India is the world’s largest democracy. It also faces an imminent threat.
Contrary to what politicians and experts may want us to believe, our democracy’s biggest threat does not come from a “foreign hand” or an “unholy alliance” or even from corruption. It comes from the masses opinion of government. Hardly a day goes by without mention of the upcoming General Elections which is touted to be the most important in the history of the country and a battle for the very soul of our great nation.
I disagree. While the union government is the largest and most powerful form of government in our country, the power it possesses is grossly exaggerated. India follows a federal structure which grants smaller units autonomy in most matters over the union. In simpler terms, your local government determines how you live. What perplexes me here is that voter apathy seems to be inversely proportional to the size of the government and this is the crisis that faces our democracy.
Our Prime Minister does not have enough power to single-handedly eradicate poverty, he may have control over the economic policy of our country but poverty alleviation is determined more by welfare schemes run by smaller governments. Similarly, our Prime Minister doesn’t have the power to clean the nation, that work is in the hands of individual municipal corporations and councils elected by the people. At the end of the day, all that the union government can do is enable smaller governments to better the lives of their citizens.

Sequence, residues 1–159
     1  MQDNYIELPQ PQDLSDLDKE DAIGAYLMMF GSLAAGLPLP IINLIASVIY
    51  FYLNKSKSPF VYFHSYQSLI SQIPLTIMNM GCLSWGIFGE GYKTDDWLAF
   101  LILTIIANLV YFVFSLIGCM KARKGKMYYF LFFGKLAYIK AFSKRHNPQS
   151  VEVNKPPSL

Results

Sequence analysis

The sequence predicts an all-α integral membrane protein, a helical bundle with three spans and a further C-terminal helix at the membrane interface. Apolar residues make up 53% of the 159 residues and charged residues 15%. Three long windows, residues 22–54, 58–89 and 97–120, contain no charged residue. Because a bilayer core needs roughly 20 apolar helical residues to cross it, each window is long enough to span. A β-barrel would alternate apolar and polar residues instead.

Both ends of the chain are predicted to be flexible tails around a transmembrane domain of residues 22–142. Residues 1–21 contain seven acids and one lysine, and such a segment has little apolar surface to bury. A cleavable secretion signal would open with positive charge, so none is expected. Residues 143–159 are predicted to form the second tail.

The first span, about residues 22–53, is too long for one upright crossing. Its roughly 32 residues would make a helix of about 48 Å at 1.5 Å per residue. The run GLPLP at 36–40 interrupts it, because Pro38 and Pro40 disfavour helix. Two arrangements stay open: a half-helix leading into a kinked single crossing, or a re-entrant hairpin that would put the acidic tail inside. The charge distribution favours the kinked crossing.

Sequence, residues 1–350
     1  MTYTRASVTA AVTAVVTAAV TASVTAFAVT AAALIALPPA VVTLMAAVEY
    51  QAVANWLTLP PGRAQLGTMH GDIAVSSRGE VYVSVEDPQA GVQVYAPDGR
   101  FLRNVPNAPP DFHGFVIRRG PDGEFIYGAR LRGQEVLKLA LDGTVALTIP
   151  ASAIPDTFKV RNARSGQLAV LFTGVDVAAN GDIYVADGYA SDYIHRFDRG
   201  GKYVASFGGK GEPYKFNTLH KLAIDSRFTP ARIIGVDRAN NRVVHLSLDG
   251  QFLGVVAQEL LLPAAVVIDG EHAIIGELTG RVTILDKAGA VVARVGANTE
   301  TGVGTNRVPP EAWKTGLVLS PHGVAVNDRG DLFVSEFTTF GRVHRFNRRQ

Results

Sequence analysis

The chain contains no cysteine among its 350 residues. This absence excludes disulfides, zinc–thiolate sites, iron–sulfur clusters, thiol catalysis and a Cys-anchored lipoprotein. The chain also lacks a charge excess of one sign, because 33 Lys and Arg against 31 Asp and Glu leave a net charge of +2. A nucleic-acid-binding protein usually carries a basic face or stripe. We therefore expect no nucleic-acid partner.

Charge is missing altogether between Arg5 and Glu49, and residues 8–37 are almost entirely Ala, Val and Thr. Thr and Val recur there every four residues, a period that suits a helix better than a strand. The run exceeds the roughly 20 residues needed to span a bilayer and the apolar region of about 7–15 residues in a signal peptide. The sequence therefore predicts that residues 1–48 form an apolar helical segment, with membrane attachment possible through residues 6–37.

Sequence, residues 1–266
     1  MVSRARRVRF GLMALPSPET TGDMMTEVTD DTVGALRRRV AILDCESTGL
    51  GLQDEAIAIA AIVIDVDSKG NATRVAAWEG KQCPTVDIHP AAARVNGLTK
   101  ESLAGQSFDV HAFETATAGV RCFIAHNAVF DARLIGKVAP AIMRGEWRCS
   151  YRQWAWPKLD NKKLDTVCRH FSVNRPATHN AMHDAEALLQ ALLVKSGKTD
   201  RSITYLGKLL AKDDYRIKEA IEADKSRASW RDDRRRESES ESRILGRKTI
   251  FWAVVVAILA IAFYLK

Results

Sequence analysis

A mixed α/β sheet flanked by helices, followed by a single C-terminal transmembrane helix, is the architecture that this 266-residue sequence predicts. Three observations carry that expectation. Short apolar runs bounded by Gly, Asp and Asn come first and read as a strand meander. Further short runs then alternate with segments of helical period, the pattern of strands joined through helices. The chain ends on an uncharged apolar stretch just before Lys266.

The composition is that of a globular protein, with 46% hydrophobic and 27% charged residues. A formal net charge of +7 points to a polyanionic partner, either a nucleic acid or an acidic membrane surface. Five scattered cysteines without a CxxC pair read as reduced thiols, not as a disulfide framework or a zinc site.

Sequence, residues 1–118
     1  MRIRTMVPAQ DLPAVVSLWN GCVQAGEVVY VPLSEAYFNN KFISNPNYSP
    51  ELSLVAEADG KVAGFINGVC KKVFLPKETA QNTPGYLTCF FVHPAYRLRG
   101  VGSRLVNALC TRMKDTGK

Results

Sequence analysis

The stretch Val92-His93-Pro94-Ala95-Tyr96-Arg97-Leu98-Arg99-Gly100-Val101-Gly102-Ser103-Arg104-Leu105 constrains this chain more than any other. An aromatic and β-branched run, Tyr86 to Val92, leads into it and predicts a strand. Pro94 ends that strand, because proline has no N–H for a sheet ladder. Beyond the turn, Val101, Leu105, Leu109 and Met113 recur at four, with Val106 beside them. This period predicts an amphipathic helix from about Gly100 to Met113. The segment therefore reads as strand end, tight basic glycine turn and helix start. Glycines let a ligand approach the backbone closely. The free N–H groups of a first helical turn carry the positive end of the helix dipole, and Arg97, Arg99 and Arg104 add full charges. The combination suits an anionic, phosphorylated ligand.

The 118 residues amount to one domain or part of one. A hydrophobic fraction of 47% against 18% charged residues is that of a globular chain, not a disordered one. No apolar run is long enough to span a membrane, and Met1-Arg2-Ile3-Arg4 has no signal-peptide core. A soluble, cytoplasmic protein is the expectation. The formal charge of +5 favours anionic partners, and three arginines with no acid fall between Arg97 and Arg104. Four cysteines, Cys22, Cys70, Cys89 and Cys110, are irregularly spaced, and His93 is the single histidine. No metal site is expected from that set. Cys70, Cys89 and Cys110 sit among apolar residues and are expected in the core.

Further, I will argue that even branding the upcoming General Elections as the “Largest in the world” is a mistake. While it certainly gives our country bragging rights on the global stage, it misleads the very people who will be voting in these elections. This branding makes it seem as if the country is uniting to elect the Head of Government or the Head of State when in fact the election is a collection of individual small local elections where citizens elect individuals to represent their interests at the national level.
The bigger picture seems to have a distracting effect on voters. While choosing for the country they seem to disregard their personal beliefs and agendas. Many local leaders and parties suffer because of this mindset despite being more qualified than some Babu from Delhi to represent the will of the people. The interests of the people of a country as diverse as ours cannot possibly be represented by 2 major political parties. The Eastern belt of India from West Bengal to Tamil Nadu has proven resilient to national politics and have voted for regional interests and should serve as an example for the rest of the country.
With current methods of advertising and data analytics, it is becoming increasingly easy for political parties to target us individually and Indian voters have historically been swayed easily in elections (check Delhi 2015). If national parties are able to polarise the nation effectively to present a binary choice in the elections, then the spirit of our country and with it our democracy will cease to exist.